North Korea general allegedly behind attacks on South dies

An undated file picture released by the Rodong Sinmun, the newspaper of the North Korean ruling Workers Party, on May 11, 2015, shows General Kim Kyok-sik, who died on May 10, 2015, of respiratory failure at the age of 77 after suffering from an unid
An undated file picture released by the Rodong Sinmun, the newspaper of the North Korean ruling Workers Party, on May 11, 2015, shows General Kim Kyok-sik, who died on May 10, 2015, of respiratory failure at the age of 77 after suffering from an unidentified cancer. -- PHOTO: EPA

SEOUL (AFP) - A powerful North Korean general who Seoul believes was behind the sinking of a South Korean warship and the shelling of one of its islands in 2010 has died, state media said Monday.

Kim Kyok Sik died on Sunday of respiratory failure while suffering from an unidentified type of cancer, according to Rodong Shinmun, the newspaper of the North's ruling Workers' Party. He was 77.

"The comrade served in very important positions... in the military for a long time, making great contributions to firmly protect our socialist motherland," it said.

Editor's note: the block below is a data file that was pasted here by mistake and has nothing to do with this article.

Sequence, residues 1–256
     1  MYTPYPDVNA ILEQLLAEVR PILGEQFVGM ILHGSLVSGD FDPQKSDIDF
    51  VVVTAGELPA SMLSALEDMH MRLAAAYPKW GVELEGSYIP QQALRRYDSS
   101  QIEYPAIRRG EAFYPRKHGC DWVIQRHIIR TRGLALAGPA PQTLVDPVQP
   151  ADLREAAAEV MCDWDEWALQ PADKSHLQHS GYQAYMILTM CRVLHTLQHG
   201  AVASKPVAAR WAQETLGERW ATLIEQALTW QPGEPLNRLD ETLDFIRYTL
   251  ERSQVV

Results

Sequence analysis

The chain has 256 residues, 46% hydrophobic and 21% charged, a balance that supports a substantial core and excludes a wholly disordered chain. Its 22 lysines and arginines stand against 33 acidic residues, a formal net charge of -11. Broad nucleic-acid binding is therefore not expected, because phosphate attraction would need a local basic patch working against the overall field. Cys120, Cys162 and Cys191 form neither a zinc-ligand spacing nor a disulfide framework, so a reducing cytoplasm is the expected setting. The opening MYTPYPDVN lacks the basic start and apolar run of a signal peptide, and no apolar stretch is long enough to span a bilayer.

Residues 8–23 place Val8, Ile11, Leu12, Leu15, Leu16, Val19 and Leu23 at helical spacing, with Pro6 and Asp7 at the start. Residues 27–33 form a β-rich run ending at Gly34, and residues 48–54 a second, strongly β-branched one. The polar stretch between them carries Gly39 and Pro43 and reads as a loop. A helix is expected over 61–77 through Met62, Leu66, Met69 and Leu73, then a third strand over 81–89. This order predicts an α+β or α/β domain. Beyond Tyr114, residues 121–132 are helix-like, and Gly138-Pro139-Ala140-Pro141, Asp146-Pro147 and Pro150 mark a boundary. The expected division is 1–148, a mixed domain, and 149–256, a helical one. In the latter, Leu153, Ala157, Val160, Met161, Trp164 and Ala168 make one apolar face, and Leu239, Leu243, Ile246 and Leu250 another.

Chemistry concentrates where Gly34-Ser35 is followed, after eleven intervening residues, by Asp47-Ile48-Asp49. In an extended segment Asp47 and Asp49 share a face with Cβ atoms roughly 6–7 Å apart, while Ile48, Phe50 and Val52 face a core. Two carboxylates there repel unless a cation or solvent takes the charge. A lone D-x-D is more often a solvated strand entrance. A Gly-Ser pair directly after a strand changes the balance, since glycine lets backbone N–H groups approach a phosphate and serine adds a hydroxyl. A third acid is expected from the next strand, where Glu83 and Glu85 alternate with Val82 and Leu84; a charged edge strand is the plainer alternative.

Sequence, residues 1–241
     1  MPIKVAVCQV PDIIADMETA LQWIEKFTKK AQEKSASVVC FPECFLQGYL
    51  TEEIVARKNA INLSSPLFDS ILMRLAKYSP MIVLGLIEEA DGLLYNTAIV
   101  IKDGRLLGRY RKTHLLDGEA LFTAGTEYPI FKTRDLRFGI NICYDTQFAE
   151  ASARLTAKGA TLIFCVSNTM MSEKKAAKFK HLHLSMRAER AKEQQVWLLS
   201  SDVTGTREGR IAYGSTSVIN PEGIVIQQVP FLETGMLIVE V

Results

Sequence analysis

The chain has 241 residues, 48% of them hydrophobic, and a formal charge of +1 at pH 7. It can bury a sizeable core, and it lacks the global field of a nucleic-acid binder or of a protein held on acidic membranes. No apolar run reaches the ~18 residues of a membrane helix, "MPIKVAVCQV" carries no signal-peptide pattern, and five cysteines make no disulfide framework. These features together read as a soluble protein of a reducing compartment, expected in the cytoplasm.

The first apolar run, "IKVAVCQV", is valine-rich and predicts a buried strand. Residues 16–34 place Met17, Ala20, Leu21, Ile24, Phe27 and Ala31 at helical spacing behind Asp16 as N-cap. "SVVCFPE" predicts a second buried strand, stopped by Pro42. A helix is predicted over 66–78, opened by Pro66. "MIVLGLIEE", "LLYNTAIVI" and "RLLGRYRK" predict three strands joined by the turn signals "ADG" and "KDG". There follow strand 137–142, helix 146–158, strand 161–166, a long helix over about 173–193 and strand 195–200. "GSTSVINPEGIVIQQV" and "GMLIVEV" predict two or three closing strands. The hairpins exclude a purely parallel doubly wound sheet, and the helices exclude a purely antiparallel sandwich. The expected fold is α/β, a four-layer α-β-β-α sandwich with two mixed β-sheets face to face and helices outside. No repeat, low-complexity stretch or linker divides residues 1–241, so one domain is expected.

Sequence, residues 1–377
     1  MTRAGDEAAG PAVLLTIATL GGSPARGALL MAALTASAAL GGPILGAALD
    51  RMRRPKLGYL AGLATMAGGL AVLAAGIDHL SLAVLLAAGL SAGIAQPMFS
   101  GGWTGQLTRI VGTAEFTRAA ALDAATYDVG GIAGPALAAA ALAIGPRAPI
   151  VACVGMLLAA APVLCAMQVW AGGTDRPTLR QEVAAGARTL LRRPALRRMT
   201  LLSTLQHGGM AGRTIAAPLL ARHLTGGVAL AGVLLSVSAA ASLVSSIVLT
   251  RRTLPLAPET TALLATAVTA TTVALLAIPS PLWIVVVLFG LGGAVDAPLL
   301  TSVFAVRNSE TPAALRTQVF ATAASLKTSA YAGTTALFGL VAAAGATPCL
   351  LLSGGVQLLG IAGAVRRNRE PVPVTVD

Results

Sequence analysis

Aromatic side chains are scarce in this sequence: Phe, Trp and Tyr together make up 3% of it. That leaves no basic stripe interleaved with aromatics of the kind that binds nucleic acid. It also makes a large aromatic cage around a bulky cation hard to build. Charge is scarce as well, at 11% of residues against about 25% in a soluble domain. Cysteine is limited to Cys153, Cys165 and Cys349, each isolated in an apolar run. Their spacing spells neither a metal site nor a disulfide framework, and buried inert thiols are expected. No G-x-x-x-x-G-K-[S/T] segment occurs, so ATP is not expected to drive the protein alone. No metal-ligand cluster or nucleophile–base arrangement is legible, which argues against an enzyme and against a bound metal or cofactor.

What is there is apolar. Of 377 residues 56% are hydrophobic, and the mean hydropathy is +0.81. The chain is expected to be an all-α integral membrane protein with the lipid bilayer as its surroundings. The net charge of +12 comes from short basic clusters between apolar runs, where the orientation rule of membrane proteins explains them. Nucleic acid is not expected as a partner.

The four-star general was named by South Korea as being the operational commander behind the sinking of the Cheonan navy corvette in March 2010 and the shelling eight months later of the border island of Yeonpyeong.

A South Korean-led investigation involving a team of international experts concluded the Cheonan was sunk by a North Korean submarine torpedo and Seoul cut trade and aid links to Pyongyang in response.

Pyongyang has always denied any involvement in the incident, in which 46 South Korean seamen died. The Cheonan was carrying 104 personnel when it sank near the disputed Yellow Sea maritime border between North and South Korea.

However, the North was unapologetic about the shelling in November 2010 of Yeonpyeong island, in which two South Korean civilians and two soldiers were killed, sparking brief fears of a full-scale conflict.

Kim Kyok Sik was in charge of the 4th Corps in Hwanghae Province near the western part of the border with the South at the time.

He went on to serve as the North's defence minister from 2012 to 2013 and later as the chairman of the joint chiefs of staff.

In recent years, he was occasionally seen accompanying North Korean leader Kim Jong Un during his "field guidance" visits to military facilities.